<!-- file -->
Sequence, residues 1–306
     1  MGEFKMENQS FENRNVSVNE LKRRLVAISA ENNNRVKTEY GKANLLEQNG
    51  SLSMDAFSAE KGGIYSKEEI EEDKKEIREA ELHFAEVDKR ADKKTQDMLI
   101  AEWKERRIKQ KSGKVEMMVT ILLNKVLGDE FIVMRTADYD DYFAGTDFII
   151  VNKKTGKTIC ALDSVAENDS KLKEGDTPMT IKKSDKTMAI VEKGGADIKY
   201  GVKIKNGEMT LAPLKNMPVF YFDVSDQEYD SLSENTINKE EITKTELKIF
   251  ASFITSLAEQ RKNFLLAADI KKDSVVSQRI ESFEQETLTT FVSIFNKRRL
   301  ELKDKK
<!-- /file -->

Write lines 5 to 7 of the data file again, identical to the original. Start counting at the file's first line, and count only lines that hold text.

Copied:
   151  VNKKTGKTIC ALDSVAENDS KLKEGDTPMT IKKSDKTMAI VEKGGADIKY
   201  GVKIKNGEMT LAPLKNMPVF YFDVSDQEYD SLSENTINKE EITKTELKIF
   251  ASFITSLAEQ RKNFLLAADI KKDSVVSQRI ESFEQETLTT FVSIFNKRRL